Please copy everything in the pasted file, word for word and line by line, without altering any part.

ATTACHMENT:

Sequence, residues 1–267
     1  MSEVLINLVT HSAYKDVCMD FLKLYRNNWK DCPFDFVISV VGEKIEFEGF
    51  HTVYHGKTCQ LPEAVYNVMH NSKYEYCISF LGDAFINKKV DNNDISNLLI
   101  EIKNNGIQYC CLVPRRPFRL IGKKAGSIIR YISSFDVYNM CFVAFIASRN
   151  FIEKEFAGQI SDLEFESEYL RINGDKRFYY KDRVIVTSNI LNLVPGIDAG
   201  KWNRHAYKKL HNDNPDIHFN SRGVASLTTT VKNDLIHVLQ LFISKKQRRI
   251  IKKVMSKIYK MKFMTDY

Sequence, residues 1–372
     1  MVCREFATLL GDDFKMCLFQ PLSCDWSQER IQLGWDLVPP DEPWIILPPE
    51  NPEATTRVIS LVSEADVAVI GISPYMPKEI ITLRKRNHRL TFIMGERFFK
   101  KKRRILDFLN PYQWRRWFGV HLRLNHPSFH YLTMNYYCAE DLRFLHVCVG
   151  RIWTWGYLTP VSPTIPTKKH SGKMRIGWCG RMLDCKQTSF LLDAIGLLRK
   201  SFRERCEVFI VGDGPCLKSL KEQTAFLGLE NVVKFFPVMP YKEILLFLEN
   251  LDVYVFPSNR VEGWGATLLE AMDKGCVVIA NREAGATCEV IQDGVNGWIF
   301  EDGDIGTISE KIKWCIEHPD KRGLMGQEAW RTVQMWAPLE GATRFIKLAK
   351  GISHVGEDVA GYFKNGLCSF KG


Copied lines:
Sequence, residues 1–267
     1  MSEVLINLVT HSAYKDVCMD FLKLYRNNWK DCPFDFVISV VGEKIEFEGF
    51  HTVYHGKTCQ LPEAVYNVMH NSKYEYCISF LGDAFINKKV DNNDISNLLI
   101  EIKNNGIQYC CLVPRRPFRL IGKKAGSIIR YISSFDVYNM CFVAFIASRN
   151  FIEKEFAGQI SDLEFESEYL RINGDKRFYY KDRVIVTSNI LNLVPGIDAG
   201  KWNRHAYKKL HNDNPDIHFN SRGVASLTTT VKNDLIHVLQ LFISKKQRRI
   251  IKKVMSKIYK MKFMTDY

Sequence, residues 1–372
     1  MVCREFATLL GDDFKMCLFQ PLSCDWSQER IQLGWDLVPP DEPWIILPPE
    51  NPEATTRVIS LVSEADVAVI GISPYMPKEI ITLRKRNHRL TFIMGERFFK
   101  KKRRILDFLN PYQWRRWFGV HLRLNHPSFH YLTMNYYCAE DLRFLHVCVG
   151  RIWTWGYLTP VSPTIPTKKH SGKMRIGWCG RMLDCKQTSF LLDAIGLLRK
   201  SFRERCEVFI VGDGPCLKSL KEQTAFLGLE NVVKFFPVMP YKEILLFLEN
   251  LDVYVFPSNR VEGWGATLLE AMDKGCVVIA NREAGATCEV IQDGVNGWIF
   301  EDGDIGTISE KIKWCIEHPD KRGLMGQEAW RTVQMWAPLE GATRFIKLAK
   351  GISHVGEDVA GYFKNGLCSF KG